Monday, January 14, 2013

Ezekiel 27

Ezekiel 27:3-4, 33-34 NIV84

Say to Tyre, situated at the gateway to the sea, merchant of peoples on many coasts, 'This is what the Sovereign LORD says:

" 'You say, O Tyre,
"I am perfect in beauty."
Your domain was on the high seas;
your builders brought your beauty to perfection.

When your merchandise went out on the seas,
you satisfied many nations;
with your great wealth and your wares
you enriched the kings of the earth.
Now you are shattered by the sea
in the depths of the waters;
your wares and all your company
have gone down with you.

Ezekiel 27 is a lament over the fall of Tyre. This coastal town, that was partially built on an island, is likened to a beautifully built merchant ship. Everyone likes her. Everyone does business with her. She appears to have no enemies. Yet in her greatness she will fall like a ship in a storm.

One of the problems with Tyre was that she used the wrong metrics to determine her greatness and her glory. She was beautiful. She was wealthy. She was strong and protected. She was well liked. None of those things have anything to do with greatness in God's economy. Every one of those things are metrics we use today to measure greatness and security.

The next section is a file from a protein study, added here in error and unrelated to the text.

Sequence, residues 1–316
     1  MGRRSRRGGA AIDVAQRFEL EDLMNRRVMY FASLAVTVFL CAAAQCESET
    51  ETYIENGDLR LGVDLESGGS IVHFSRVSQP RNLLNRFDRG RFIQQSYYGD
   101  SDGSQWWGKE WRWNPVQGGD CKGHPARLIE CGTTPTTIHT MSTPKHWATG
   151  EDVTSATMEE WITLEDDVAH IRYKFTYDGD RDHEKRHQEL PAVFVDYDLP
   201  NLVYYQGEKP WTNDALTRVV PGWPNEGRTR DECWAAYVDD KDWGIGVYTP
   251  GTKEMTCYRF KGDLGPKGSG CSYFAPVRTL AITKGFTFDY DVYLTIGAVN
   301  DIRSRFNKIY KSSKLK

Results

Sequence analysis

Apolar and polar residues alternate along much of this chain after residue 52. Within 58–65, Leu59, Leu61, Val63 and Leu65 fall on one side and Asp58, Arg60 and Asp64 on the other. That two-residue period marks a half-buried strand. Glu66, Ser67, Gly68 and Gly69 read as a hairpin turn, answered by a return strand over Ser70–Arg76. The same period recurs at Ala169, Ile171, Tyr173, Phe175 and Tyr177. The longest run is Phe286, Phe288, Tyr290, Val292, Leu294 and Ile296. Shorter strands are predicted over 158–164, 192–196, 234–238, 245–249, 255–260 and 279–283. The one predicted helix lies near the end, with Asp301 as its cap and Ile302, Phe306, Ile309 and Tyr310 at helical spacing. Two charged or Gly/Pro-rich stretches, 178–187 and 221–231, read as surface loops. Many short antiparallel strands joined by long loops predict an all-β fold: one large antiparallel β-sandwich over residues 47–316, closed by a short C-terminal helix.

God honors, humility, faith and faithfulness, service, justice and love. We rarely measure those. Along with Tyre we continue to pursue beauty, wealth, power and popularity. We are shocked when those who have all those things end up with lives wrecked on the rocks like a broken ship. Maybe we should take note and realize we are pursuing the wrong things.

Father, forgive me for the many times I long for things that cannot make me happy, bring me peace, or make me a "somebody." Today may I pursue that which makes me great in your eyes.

By His grace,
Rick Weinert

Friday, January 11, 2013

Ezekiel 26

Ezekiel 26:17 ESV

And they will raise a lamentation over you and say to you,
"'How you have perished,
you who were inhabited from the seas,
O city renowned,
who was mighty on the sea;
she and her inhabitants imposed their terror
on all her inhabitants!

This is a lamentation over Tyre. Tyre was a beautiful and secure coastal city. They not only had strong walls with their back to the sea, they also had a backup plan. Part of Tyre was located on an island. If the main city fell they would retreat to the island where they could easily defend themselves. But when God declares judgment and destruction man's plans for survival and protection never stand. As described in this chapter, the main city was breached and destroyed. It was then torn down and thrown into the sea to build a causeway to the island. Proud, mighty, secure Tyre fell.